Authenticity and Reconstruction

17:45 by Cornelius Holtorf

Authenticity and the reconstruction of cultural heritage are today on the top of the agenda of heritage studies. They reemerged in the aftermath of natural disasters and human conflicts resulting in destructions of cultural heritage, such as the recent military conflicts in Syria.

Can, and, indeed, should, destruction be undone? Does the reconstruction of cultural heritage always lie in the best interests of the local population? How can heritage best contribute to future-making? What is the relationship between the values of a given heritage and the circumstances of its creation or re-creation?

The articles in a new special issue on Authenticity and Reconstruction of the International Journal of Cultural Property, edited by Cornelius Holtorf, explore some of these issues:

The papers are combining current thinking in different disciplines (psychology, architecture, urban planning, historic preservation, and archaeology) with practical examples from around the world. They derive from the pilot workshop of the ICOMOS University Forum, titled “A Contemporary Provocation: Reconstructions as Tools of Future-making“. Held on 13–15 March 2017 at ICOMOS’s international head- quarters in Paris, France, the workshop was co-organized by Cornelius Holtorf (Linnaeus University, Sweden), Loughlin Kealy (University College Dublin, Ireland), Toshiyuki Kono (ICOMOS/Kyushu University, Japan), and Marie-Laure Lavenir (ICOMOS, France). As an event of the ICOMOS University Forum, its aim was to stimulate dialogue between professional heritage consultants and academic heritage experts.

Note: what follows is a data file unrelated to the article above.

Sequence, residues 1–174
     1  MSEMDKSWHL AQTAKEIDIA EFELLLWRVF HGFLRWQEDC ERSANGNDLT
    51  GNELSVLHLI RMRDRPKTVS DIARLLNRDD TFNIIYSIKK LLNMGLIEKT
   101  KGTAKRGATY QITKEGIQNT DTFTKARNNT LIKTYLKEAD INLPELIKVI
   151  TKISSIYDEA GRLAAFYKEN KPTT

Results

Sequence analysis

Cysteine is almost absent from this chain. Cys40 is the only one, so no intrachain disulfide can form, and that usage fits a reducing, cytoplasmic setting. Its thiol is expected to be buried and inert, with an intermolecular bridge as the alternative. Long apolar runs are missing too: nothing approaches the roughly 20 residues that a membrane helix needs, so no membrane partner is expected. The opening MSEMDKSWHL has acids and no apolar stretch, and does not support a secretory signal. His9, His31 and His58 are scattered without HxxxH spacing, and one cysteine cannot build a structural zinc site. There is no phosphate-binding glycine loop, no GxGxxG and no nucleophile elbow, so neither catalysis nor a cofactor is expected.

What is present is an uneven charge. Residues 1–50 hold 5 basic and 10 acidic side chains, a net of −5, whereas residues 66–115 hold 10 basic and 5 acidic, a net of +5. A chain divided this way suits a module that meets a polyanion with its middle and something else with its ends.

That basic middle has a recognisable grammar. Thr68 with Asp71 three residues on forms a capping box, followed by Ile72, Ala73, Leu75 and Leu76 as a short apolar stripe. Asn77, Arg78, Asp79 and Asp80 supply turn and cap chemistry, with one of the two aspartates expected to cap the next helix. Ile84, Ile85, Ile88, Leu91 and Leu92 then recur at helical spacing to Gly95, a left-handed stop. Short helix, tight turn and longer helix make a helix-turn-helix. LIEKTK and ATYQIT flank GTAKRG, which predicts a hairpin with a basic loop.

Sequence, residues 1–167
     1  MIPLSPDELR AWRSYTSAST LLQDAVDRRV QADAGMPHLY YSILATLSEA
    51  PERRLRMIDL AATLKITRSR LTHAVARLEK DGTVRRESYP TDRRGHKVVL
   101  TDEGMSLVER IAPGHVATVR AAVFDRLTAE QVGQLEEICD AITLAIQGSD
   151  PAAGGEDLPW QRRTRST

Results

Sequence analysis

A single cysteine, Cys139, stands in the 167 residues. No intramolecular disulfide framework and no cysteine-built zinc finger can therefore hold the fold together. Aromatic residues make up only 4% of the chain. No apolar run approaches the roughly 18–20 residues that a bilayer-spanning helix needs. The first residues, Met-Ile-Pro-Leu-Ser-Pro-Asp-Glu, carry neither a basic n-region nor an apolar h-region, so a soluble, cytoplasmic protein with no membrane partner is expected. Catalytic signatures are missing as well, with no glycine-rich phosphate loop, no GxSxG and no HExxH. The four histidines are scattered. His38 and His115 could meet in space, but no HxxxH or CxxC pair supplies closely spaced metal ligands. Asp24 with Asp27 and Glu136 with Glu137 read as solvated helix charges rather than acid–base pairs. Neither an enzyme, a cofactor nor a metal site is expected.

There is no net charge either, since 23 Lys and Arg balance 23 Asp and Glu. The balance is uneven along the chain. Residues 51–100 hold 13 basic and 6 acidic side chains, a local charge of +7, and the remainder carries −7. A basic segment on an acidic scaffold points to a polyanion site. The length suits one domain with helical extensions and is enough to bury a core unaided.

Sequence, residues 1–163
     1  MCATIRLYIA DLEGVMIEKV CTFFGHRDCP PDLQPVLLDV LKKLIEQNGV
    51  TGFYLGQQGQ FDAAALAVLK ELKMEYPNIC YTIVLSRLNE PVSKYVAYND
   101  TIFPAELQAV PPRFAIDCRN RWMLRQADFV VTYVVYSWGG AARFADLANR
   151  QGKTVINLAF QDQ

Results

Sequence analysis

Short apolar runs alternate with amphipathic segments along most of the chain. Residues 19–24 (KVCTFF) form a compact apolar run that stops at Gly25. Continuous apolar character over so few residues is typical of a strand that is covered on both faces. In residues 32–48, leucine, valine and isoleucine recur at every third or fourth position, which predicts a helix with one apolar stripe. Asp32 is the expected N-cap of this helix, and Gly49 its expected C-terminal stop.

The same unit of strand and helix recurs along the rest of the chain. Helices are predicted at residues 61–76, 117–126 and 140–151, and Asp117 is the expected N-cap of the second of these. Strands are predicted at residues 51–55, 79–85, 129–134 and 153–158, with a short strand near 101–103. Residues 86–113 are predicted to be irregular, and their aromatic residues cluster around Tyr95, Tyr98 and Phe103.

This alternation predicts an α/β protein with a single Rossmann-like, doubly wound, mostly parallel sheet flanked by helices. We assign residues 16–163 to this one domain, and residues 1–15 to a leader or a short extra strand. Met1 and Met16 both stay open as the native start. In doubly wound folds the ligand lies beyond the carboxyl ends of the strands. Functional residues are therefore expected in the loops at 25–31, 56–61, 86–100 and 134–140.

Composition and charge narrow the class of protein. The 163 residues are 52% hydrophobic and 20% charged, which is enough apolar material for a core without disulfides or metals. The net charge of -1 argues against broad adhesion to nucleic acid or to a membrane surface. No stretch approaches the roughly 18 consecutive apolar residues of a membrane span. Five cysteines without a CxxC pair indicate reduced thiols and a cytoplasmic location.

Cornelius Holtorf
In 2017, Linnaeus University in Kalmar, Sweden, was awarded a UNESCO Chair on Heritage Futures. This is one of eight Chairs in Sweden, and the only one within the cultural sector. Cornelius Holtorf, holder of the UNESCO Chair, alongside his team, will continue to generate ideas through this forum.

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